Alcohol can be a profitable revenue stream for your restaurant. It’s an easy win — the markup is high, the labor requirements are low, and the product has a long shelf life. In fact, the average restaurant makes about 20% to 25% of its income from alcohol sales. Before you can add beer, wine or spirits to your menu, however, you’ll need a valid liquor license.
What is a liquor license?
A liquor license is the permit you need to make, distribute or sell alcohol legally. These licenses are usually issued by your state, but counties and cities may also set additional restrictions. While each area has its own rules, most liquor licenses regulate factors such as:
- The types of liquor you can sell
- When you can sell alcohol
- Where customers can consume the alcohol they buy
- Limits on alcohol sales
- Who can buy alcohol from you
- Price limits on alcohol
It’s important to understand the specific liquor laws for your state, county and city — after all, you’ll need a license before you can sell a single drink. Most areas offer several license classes to suit different establishments. Common classes include:
- Beer and wine. These licenses allow you to sell beer, wine, cider and occasionally other malt beverages. Most areas have distinct beer and wine licenses for bars, restaurants, wineries, breweries and catering businesses.
- All-liquor. This license goes by many names, but it typically permits you to sell beer, wine and spirits.
- Tavern. A tavern license is designed for establishments where alcohol makes up the majority of sales.
- Hotel. Hotels that serve alcohol on the premises need this type of license, which may offer both on-premises and off-premises consumption.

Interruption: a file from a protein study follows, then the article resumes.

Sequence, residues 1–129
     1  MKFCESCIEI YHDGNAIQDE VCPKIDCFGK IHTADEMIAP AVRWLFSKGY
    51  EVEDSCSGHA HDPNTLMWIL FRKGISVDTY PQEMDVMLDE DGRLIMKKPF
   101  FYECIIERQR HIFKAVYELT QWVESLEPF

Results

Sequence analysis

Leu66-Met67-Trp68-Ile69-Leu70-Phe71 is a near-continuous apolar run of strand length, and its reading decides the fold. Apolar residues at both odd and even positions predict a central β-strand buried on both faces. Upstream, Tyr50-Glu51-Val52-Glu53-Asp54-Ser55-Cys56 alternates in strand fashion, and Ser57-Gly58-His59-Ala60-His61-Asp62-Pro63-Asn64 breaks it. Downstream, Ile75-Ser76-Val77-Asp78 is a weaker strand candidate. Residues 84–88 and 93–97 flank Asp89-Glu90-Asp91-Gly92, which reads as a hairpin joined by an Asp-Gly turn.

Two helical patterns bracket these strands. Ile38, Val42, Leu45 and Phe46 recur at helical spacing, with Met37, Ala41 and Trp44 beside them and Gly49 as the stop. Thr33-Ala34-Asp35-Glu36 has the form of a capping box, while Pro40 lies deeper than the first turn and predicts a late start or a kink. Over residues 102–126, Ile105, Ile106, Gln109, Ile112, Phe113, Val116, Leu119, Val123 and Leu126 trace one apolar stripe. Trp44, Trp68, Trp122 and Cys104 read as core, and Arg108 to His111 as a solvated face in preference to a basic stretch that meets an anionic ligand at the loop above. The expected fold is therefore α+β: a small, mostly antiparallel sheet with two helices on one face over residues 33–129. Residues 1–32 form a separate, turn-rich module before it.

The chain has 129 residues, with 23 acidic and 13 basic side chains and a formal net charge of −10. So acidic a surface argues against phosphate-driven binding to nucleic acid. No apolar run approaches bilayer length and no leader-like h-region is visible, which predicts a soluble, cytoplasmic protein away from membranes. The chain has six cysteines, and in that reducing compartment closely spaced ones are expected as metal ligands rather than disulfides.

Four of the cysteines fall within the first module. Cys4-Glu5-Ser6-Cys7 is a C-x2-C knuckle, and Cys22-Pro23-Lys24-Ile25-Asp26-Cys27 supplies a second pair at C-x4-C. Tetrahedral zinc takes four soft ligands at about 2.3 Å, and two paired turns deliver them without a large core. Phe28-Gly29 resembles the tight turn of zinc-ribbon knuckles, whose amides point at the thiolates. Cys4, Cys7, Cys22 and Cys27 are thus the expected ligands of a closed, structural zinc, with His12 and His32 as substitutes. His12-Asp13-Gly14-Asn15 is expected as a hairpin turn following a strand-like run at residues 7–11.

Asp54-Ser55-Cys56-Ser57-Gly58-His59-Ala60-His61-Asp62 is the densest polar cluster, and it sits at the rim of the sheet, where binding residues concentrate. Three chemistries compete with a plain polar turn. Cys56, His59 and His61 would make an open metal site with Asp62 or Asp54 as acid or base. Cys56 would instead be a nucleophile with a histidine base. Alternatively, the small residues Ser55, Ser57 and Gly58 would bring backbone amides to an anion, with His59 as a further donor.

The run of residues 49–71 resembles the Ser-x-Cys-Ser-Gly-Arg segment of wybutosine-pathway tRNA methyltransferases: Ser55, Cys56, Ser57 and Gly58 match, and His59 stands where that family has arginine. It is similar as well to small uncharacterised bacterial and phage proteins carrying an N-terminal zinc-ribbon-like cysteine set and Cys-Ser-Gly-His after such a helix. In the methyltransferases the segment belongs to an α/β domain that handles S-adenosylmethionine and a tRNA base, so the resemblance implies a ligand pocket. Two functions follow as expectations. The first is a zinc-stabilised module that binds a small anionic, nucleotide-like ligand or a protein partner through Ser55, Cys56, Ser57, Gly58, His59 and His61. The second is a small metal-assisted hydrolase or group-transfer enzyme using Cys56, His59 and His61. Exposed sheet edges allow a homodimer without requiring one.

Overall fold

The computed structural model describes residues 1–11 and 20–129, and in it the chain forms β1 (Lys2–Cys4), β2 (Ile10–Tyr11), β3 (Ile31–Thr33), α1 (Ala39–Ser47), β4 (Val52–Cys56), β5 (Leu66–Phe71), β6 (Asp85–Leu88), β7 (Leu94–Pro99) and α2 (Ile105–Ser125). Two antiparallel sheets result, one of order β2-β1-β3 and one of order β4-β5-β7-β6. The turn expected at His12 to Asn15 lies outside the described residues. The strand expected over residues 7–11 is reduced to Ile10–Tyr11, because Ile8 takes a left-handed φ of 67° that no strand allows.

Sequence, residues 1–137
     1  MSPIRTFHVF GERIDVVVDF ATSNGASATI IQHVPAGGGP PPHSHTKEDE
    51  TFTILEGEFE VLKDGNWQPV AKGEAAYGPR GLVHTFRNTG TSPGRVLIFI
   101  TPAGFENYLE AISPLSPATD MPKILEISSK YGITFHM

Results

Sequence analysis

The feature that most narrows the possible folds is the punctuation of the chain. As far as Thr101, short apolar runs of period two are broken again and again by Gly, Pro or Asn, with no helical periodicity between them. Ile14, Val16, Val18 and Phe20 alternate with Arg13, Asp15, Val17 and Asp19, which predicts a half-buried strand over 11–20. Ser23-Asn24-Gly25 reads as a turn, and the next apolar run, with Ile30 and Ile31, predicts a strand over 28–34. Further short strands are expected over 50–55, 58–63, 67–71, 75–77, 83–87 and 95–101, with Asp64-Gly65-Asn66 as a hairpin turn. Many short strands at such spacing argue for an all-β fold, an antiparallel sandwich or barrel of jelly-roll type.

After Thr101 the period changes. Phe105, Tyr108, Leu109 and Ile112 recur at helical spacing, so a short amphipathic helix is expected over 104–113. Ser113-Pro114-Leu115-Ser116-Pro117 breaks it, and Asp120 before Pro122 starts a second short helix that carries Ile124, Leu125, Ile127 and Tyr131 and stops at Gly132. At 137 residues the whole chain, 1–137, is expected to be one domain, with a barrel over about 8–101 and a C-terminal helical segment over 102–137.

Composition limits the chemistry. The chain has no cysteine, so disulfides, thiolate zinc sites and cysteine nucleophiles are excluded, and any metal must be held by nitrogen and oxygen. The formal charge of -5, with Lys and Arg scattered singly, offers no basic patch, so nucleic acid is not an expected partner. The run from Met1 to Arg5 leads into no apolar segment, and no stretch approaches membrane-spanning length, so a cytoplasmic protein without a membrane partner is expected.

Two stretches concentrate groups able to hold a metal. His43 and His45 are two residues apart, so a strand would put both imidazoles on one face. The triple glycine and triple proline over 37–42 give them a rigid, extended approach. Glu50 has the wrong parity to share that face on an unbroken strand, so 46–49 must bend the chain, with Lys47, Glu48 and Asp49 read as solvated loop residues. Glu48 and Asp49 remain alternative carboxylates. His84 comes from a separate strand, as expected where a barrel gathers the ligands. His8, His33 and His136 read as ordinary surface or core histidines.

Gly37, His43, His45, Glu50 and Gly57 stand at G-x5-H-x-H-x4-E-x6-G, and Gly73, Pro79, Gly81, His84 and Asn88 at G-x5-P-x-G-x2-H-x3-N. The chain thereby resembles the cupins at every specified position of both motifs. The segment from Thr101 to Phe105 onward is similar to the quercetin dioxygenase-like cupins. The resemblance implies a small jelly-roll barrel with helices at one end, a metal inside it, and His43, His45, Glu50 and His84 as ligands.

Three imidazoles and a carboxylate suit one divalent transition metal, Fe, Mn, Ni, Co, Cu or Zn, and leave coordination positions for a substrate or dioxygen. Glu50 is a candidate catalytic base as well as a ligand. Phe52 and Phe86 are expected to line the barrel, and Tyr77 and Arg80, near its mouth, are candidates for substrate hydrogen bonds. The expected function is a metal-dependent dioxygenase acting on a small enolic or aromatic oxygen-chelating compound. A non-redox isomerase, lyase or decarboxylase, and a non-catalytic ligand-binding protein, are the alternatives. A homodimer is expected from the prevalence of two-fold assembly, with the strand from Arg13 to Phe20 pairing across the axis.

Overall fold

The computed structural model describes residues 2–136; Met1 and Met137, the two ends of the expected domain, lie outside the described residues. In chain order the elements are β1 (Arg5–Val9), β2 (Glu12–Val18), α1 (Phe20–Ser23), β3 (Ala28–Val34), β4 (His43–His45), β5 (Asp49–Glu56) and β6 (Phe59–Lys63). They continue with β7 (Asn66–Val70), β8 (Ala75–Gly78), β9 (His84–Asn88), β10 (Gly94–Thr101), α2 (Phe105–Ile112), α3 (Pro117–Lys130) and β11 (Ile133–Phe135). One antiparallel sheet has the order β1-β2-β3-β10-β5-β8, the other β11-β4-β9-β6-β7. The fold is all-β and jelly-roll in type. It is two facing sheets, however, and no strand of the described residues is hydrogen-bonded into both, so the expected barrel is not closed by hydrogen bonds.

- Brewing. A brewing license allows an establishment to brew its own beer and sell it to customers. Other licenses may also be required.
Most states have multiple variations on these licenses that specify whether you need to sell food, if customers can take their drinks to go and rules for live entertainment. Make sure to start early; the application process can take months.
How to get a liquor license
Your state’s liquor-control body, which is often called the Department of Alcoholic Beverage Control (ABC), typically handles the licensing process. It can tell you how to get a liquor license and advise you of any local laws that might affect the process. Some states require you to have a seller’s permit and appropriate business tax registrations before you can apply.
The process can vary by state, county and city but usually involves a variation of these steps:
- File an application. Contact your state’s ABC and file an application. You may be able to apply online; in certain areas, however, you’ll need to bring the application to the nearest ABC office. Expect to pay an application fee. You may also be able to apply for a temporary permit to sell alcoholic beverages before the official review process is complete.
- Post a public notice. Many areas require you to post a public notice in your restaurant to let customers know you’re applying for a liquor license. Certain states have additional rules for publishing a notice in the local newspaper or advising neighboring homes and businesses about your plans.